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Tuesday, June 17, 2014

Print Books vs. eBooks...Is there a Winner?

If you've read anything on the above subject, you understand how confusing the subject is. At one point, a month or so ago, I read something about ebooks outselling print books by 20%. The other day I saw an article exclaiming that in 2017 ebooks will over take the printed word. Wait, these are conflicting views. Which is right? Or are they both correct.

It turns out that both the above statements are true. There's just a qualifier or two that needs to be added to either/both. At this time in the fiction genre ebooks out sell print books 3 to 2. At least that's what I found on the web this morning. That number is subject to change depending on what source you choose to use. But, and this is the big catch, nonfiction print books far outsell ebooks – something like 2 to 1 as far as I could discern. That's substantial if you are a nonfiction author.

Since I write dystopian fiction, let's stick to that world for now.

First, ebooks

In the ebook world of fiction, Amazon has an approximate 65% market share (again, it depends on your source and I'm summarizing from two or three consistent sources I found). Barnes and Noble captures about 11% of the market followed by iBook (Apple). Apple has about 8% of the ebook share in this country. Depending on who you believe Apple has overtaken B&N slightly this past year - or - they are still fairly even - or - B&N is still ahead. All I know for sure is they are both lightyears behind Amazon. All other sources make up the remainder of the market (approximately 13%).

My summary of ebooks tells me this: you should have your fiction novel in ebook format and you should at the very least be on Amazon. This way your book will have maximum exposure.

But don't forget about B&N, iBooks, Sony Reader, and others. If you are too myopic with your sales it would seem you are leaving money on the table. If you sell 65 books this month on Amazon, applied logic from above suggests that you might expect to sell 11 on B&N and another 8 or so on iBooks. If you sell at $2.99, that's another $37 or so in commissions. Not a huge number, but money's money.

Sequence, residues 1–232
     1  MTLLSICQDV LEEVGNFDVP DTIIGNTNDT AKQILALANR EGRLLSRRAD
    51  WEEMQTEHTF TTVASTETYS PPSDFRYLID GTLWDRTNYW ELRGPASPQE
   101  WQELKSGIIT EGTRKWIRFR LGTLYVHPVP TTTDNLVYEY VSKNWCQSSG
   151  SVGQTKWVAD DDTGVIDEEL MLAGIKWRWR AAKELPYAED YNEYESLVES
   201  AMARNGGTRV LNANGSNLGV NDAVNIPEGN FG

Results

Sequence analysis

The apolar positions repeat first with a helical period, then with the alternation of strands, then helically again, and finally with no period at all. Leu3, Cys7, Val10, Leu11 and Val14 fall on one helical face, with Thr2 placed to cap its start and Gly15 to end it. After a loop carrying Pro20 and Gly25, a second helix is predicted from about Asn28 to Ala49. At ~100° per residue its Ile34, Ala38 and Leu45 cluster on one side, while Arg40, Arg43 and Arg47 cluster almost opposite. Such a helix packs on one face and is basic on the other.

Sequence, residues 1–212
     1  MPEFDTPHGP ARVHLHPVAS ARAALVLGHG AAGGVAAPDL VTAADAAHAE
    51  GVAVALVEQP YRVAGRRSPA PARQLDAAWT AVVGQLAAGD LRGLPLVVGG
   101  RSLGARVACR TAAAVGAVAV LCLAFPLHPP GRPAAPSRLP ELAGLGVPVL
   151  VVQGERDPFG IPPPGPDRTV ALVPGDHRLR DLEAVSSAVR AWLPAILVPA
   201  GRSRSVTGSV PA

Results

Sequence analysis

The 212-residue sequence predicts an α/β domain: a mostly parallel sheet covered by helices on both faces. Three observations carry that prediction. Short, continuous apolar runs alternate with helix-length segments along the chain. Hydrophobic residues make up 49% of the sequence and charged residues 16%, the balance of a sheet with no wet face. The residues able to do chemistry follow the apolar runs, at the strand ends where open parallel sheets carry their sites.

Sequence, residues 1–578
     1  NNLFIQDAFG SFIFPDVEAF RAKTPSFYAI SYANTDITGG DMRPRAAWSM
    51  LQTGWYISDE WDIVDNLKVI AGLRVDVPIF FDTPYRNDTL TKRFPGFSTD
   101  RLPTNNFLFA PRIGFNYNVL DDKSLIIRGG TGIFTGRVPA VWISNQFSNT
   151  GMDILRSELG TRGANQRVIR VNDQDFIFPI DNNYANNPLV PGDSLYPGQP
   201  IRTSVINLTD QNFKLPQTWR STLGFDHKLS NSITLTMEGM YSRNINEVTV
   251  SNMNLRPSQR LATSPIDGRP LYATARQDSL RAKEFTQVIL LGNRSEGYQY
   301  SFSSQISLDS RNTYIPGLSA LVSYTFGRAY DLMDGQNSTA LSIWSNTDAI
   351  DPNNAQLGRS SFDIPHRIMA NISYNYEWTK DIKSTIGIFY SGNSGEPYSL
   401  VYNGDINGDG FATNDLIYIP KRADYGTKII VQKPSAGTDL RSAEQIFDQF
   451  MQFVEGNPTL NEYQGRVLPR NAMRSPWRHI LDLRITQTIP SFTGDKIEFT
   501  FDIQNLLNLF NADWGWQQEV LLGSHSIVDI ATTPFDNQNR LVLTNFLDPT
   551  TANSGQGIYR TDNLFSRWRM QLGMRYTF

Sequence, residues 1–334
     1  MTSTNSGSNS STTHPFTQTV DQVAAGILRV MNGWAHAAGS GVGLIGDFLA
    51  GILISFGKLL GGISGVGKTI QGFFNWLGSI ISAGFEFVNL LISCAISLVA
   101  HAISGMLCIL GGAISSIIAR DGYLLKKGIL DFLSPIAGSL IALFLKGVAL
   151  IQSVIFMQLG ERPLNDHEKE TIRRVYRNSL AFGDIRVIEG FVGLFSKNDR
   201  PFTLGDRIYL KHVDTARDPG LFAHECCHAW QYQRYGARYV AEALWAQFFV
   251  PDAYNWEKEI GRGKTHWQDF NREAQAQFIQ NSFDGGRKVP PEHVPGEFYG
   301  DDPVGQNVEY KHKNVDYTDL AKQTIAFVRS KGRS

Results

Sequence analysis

The flip side; Printed Books

If you are selling 100 ebooks a month, logic dictates you may be able to sell 66 print book to boot. Remember, digital outsells print 3 to 2, but they are not mutually exclusive. Depending on your price point and commission structure you could easily make another $130 bottom line commission from print sales. And that's nothing to sneeze at folks.

Now, if you happen to be a nonfiction author, forget everything I just said. Depending on your genre and the type of book you create (textbook vs cookbook vs historical) print sales outpace ebooks by 2 to 1. You HAVE TO have hard copies of your books available for sale. Whether on Amazon, or Barnes & Noble, or even your own website, it is crucial you have tangible books for sale.

But don't forget ebooks. The cost of converting a manuscript into eBook format is negligible nowadays and in a lot of cases you can do it yourself. The bottom line here is to keep all your options open.

Okay, have I confused you completely? Well, I hope not. Do your homework and you'll be able to figure out how much time, effort, and money to spend on the creation of either format. The info is out there...and there's lots of it. Just don't necessarily believe the first article you read. It always helps to get as many opinions as you can.

Something for my readers

Research also shows that as many as 60% of all downloaded/purchased ebooks never get read. Can that really be true? Certainly not the buyers of my fiction, right? I'm sure every last book sold has been read cover to cover by now. Perhaps two or three times in some cases. At least I hope so.


Until next time, stay cool this summer. Sit in the shade and read a great book.


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